Self-Disclosure/Trust Week 5 Notes
Self-Disclosure/Trust Week 5 Notes CDFS 3330
Popular in Dynamics of interpersonal relationships
Popular in Child Development and Family Studies
verified elite notetaker
This 4 page Class Notes was uploaded by Jenny Dixon on Friday September 23, 2016. The Class Notes belongs to CDFS 3330 at Middle Tennessee State University taught by Beth Emery in Fall 2016. Since its upload, it has received 4 views. For similar materials see Dynamics of interpersonal relationships in Child Development and Family Studies at Middle Tennessee State University.
Reviews for Self-Disclosure/Trust Week 5 Notes
Report this Material
What is Karma?
Karma is the currency of StudySoup.
You can buy or earn more Karma at anytime and redeem it for class notes, study guides, flashcards, and more!
Date Created: 09/23/16
Dynamics of Interpersonal Relationships CDFS 3330-001 9/20/16 Notes Week 5 Notes “Self-Disclosure and Feedback” -Johari Window: View into the relationship 1) Common Knowledge (known to self 2) Blind to self (not known to self) and others) 3) Hidden area “secrets” (not known to 4) Unknown self (unknown to self and others) others) -Self-disclosure: -Expressing yourself, likes/dislikes, etc -Balancing self-disclosure and privacy: Social Penetration Theory- Movement from common (shallow) to deeper disclosures (like an onion, get to core). : Process is cyclical: Self-disclosure is a focal point of most mate selection theories. Is the assumption of these theories flawed? -Reciprocity -Managing Privacy -Culture and self-disclosure: Formal cultures- Less self-disclosure (work/business). : Informal cultures: More self-disclosure (Western civilization) -Gender: Women disclose more : Men and women disclose more to women : Men engage in “report talk” (facts) : Women engage in “rapport talk” (building relationships) -Guidelines for appropriate self-disclosure: : Reciprocity- Disclose to others what you want them to disclose to you : Disclose what is appropriate for relationship : Only disclose intimate info at acceptable risk : Be sensitive to others and have ability to absorb disclosure : Continue to self-disclose only if it is reciprocated : Save most intimate disclosure for intimate relationships -Giving Constructive Feedback: -What others think about you and what you’re doing -Purpose: To help a person in their situation -Focus your feedback on: BEHAVIOR, not on personality : DESCRIPTIONS, not judgement : SPECIFIC SITUATION, not abstract behavior : HERE & NOW, not there & then : PERCEPTIONS/FEELINGS, not advice : ACTIONS that a person can CHANGE -DO NOT: Force feedback : Give more feedback than people can handle Dynamics of Interpersonal Relationships CDFS 3330-001 9/22/16 Week 5 Notes “Developing and Maintaining Trust” -Building Interpersonal Trust: -Risk: Trusting someone takes a risk : Consequences- Good/bad, harmful/helpful - They are worse (has more of an impact: telling secret vs. keeping it) : Confirmation: The risk was worth it/ not worth it -Being Trusting and Trustworthy: -Based on: Acceptance : Support : Cooperation : Reciprocating disclosures: Balance of sharing -Trusting Appropriately: - Gaining Confidence in others -Situational -Trusting & the Self-Fulfilling Prophecy: - Expectations + Assumptions= Behavior (walking alone + (getting attacked) in dark) -Trust exists in the relationship, not the personality -Culture and Communication: -Culture: System of beliefs, values, and attitudes shared by a particular segment of the population. - Values: Commonly accepted standards (right/wrong, fair/unfair) : Ideal values- Those that members of a culture profess to uphold (freedom of speech) : Real values- Those that can be seen guiding behaviors of members (not everyone had freedom of speech) -Intercultural Communication: Interactions that occur between people whose cultures are so different that the communication between them is altered. -Culture shock: Psychological discomfort of adjusting to a new cultural situation - Cultural identity: Part of your self-image that is based on the cultural group(s) with which you associate yourself. -Dominant Culture: Culture within a society whose attitudes, values, beliefs, and customs hold the majority opinion. -Co-cultures: Groups of people living within a dominant culture who are clearly different from dominant culture. : Gender : Social Class : Generation Identifying Cultural Similarities and Differences: - Individualism-Collectivism: Extent to which people in a culture are integrated into groups. :Individualistic Cultures Value: Personal rights/responsibilities : Competition & personal achievement : Self-expression : Privacy : Collectivist cultures value: Community/connection to groups : Harmony and cooperation : Avoiding embarrassment : Group interests over self-interests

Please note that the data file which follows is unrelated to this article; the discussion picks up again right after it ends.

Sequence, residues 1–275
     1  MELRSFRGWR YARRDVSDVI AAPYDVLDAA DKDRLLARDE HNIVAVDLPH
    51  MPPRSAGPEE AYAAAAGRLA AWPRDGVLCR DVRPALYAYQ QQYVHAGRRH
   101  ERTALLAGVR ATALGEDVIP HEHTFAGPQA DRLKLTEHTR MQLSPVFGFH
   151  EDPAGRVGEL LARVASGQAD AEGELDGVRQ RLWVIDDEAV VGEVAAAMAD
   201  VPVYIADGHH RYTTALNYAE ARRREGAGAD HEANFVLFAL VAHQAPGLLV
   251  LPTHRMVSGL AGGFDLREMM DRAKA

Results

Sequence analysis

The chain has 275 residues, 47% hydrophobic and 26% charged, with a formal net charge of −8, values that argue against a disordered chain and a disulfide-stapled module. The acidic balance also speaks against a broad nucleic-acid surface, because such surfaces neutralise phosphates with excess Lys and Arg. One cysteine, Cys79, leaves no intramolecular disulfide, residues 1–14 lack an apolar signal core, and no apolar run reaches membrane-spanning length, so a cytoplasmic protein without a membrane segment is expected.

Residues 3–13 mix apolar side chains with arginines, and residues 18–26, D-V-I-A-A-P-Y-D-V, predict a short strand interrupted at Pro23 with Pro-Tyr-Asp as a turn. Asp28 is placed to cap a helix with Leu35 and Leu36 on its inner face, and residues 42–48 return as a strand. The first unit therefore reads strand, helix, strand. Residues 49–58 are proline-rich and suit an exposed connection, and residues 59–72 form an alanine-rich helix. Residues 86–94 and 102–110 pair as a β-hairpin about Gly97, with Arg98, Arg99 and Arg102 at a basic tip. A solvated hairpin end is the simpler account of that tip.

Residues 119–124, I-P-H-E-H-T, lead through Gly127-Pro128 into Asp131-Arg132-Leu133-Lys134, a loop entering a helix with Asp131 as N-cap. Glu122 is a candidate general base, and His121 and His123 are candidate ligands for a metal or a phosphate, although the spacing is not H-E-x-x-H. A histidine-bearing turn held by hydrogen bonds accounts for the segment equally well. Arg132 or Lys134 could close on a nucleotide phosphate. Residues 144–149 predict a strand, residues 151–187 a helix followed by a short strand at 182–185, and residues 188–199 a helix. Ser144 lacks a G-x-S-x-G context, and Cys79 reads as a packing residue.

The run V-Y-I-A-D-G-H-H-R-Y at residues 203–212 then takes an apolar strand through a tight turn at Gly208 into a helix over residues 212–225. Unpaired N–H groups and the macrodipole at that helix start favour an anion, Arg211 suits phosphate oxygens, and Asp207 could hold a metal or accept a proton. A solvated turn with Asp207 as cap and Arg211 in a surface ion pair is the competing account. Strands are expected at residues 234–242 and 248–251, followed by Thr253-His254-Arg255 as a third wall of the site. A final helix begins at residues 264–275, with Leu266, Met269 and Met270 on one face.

Are you sure you want to buy this material for
You're already Subscribed!
Looks like you've already subscribed to StudySoup, you won't need to purchase another subscription to get this material. To access this material simply click 'View Full Document'